Sources, Lemons, and Red Herrings



25 January 2015

Sources may be lemons, and citations can be red herrings. No matter how appealingly they've been plated, when you sense a problem, don't ignore it.

Records come in all shapes, forms, and degrees of reliability. Each time we take notes from a record or a collection, we need to note any and all factors that affect its interpretation or the degree of weight that we (and others) should put upon its information. Published works are even more problematic—even when their title page carries the name of well-known authorities and the most-respected presses.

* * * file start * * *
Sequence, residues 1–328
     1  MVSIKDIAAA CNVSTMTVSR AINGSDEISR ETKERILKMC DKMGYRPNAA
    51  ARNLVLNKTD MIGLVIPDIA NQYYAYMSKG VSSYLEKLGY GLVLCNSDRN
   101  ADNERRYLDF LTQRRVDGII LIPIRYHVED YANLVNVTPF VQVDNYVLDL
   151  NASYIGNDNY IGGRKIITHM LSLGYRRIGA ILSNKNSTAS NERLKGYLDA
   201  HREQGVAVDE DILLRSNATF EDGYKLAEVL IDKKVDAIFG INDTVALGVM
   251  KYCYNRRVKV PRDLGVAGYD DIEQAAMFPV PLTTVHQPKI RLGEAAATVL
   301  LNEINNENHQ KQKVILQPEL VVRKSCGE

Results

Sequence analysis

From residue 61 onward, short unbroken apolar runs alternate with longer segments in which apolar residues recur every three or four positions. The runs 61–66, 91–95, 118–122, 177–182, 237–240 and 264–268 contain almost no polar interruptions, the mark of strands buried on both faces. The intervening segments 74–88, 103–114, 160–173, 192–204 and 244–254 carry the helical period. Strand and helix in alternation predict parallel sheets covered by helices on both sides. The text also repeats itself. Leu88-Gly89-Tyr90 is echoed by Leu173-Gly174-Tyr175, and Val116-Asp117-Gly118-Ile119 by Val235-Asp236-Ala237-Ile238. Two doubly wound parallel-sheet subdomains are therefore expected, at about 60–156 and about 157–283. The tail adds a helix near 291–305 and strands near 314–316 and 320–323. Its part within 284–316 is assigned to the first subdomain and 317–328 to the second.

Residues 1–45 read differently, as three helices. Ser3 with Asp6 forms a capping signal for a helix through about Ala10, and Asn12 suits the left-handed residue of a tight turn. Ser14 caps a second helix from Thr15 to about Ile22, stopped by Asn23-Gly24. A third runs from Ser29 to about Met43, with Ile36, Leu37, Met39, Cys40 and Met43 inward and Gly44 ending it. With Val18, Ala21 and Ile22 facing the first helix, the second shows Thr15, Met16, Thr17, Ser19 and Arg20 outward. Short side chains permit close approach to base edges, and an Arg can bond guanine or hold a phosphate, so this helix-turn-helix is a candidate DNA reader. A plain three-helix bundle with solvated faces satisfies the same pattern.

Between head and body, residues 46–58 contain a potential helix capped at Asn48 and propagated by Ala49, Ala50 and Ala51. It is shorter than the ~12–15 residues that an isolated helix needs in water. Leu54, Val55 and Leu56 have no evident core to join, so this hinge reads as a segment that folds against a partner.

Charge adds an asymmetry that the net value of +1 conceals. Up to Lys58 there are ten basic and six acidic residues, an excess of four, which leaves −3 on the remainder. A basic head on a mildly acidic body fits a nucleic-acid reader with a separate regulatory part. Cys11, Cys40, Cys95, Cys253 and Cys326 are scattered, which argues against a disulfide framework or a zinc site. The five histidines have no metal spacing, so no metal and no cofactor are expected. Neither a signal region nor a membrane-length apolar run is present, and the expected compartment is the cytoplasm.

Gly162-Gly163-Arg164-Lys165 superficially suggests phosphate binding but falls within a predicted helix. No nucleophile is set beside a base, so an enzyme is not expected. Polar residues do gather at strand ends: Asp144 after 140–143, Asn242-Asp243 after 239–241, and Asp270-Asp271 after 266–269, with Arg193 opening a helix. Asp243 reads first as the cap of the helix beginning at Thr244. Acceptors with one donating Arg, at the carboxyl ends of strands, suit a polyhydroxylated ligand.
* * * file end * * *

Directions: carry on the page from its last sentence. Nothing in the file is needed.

When we circulate or publish our work, our source citations should also include those appraisals—unless a budget-conscious print-editor ruthlessly excises them. In the first place, we may need that descriptive background at a later date when our recollection of the record has gone cold. Equally important: when we refer researchers to a specific source, we are obligated to alert or caution them, as they may be less experienced with the materials.


PHOTOCREDIT: "Slices of salted herring with onions, lemon, and spices," CanStockPhoto ( : downloaded 45 December 2014), uploaded 9 April 2013 by Apolonia; used under license.

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